In year of uncertainty, George Washington cheerleaders hoping to defend championship

Senior cheerleaders at George Washington never thought they would be able to compete this year, but, in its fourth year of competitive cheering, they were able to secure a practice space at KleinLife to put together a routine in a matter of weeks.

Shortly after the season concluded last year, seniors Leah Hazzard, Ariana McLendon and Bridgette Ortega thought it would be the last time they would ever cheer for George Washington. Schools were shut down due to the pandemic after the competitive cheerleading season concluded, and the girls didn’t have much hope they’d be able to return to the mat their senior years.

Luckily, they were wrong.

Now in its fourth year of competitive cheering, 30 students are preparing for the PIAA District XII Competitive Spirit Competition, happening this Friday. The team has a stellar track record so far, advancing to the state championships two of its first three years competing and is currently the reigning champion of the co-ed division.

Of course they’re hoping for a threepeat trip to Hershey and maybe even a repeat win, but the most important thing is the fact they get to participate at all during this unprecedented year.

“We actually thought it was a miracle,” said Ortega.

COVID-19 already made it an unconventional school year, but the lack of sufficient air ventilation in George Washington’s gym preventing any practice at the school made it even worse. The season almost didn’t happen at all, but coaches Michele Sorkin Socki, Veronica Hayes and Shana Sambrick made a few calls to community establishments before they threw in the towel.

Finally, they found a place to practice at KleinLife community center, 10100 Jamison Ave. Socki credited KleinLife president Andre Krug and vice president Victoria Faykin who were more than happy to open the center’s doors for the team.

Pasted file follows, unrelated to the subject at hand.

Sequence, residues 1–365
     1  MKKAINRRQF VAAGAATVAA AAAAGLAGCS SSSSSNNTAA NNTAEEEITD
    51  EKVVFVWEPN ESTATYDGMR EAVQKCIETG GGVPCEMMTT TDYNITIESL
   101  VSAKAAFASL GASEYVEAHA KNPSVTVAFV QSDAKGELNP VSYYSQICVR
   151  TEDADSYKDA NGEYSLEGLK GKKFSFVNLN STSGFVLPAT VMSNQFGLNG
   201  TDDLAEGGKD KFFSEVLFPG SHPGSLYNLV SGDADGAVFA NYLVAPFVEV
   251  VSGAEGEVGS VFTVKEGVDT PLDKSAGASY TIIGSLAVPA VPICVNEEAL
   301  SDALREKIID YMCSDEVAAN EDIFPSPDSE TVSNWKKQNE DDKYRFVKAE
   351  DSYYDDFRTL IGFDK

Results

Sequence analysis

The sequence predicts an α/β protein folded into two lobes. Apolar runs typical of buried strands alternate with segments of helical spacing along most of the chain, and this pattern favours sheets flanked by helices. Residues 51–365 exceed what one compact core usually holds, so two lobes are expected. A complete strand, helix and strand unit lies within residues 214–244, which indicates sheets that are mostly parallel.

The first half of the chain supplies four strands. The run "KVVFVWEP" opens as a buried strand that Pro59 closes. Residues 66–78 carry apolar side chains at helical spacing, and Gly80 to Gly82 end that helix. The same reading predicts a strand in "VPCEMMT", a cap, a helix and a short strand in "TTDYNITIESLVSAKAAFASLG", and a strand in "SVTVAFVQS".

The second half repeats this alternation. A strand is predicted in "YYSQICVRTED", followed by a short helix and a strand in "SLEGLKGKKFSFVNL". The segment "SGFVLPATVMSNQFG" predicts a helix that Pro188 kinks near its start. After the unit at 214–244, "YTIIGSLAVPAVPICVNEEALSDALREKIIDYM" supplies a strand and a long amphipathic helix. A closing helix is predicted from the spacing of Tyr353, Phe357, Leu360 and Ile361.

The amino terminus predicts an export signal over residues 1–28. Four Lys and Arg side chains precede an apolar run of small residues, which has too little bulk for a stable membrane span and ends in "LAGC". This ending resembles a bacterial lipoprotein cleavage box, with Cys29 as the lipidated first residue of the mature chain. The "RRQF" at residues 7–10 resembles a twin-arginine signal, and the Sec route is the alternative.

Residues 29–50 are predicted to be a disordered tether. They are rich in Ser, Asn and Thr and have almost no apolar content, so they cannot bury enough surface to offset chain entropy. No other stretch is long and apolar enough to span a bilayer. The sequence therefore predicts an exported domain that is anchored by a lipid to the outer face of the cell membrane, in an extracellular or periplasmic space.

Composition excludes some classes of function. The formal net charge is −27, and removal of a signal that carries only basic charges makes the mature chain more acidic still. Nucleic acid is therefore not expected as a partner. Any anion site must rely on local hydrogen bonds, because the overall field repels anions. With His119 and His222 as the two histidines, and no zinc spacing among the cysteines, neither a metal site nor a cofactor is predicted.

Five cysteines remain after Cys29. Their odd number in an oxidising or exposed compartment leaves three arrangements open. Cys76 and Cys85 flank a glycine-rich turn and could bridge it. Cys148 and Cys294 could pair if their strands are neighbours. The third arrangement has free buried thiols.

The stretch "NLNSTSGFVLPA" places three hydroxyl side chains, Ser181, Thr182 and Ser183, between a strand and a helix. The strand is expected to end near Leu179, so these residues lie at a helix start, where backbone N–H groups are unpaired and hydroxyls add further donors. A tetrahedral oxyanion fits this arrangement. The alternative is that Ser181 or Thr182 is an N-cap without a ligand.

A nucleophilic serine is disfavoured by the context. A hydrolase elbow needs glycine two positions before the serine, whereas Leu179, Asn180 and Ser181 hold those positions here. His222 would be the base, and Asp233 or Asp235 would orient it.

“They saved our program. They saved everything for us this year,” she said.

Normally the team practices from August to January, but this year the schedule was crunched with in-person practice beginning in February, allowing only a few weeks to prepare the entire routine.

Other challenges are posed in the temporary lodging, too. Sometimes they can’t practice in the auditorium, making it a tribulation for the girls to find their correct placements and preventing them from doing a full pyramid. The team has a shortage of mats. Freshmen cheerers who usually get an entire orientation process were thrown directly into the thick of things. And to top things off, this year only five teams from each league will be taken to the state championship, half the number from last year.

Despite everything, nobody’s complaining. Just the opposite.

“It’s a lot of pressure on everybody, but we’re confident we can do it,” McLendon said.

The seniors have noticed a change in the atmosphere on the team since last year, with the vigorous circumstances bringing the team closer together than they have been in the past. With a fraction of the time to master the routine and only one chance to perform, it’s resulted in a much more supportive environment.

“This year everybody gets along and there’s no complaining, everyone does what they have to do,” Hazzard said.

Socki has been at George Washington for 18 years. The cheerleaders were the school’s only team to reach a state championship last year.

“It’s a real recognition for not just us as coaches but for our team,” Socki said.

No matter what happens Friday, the fact they were able to find a way to compete with the odds stacked against them is a feat itself. ••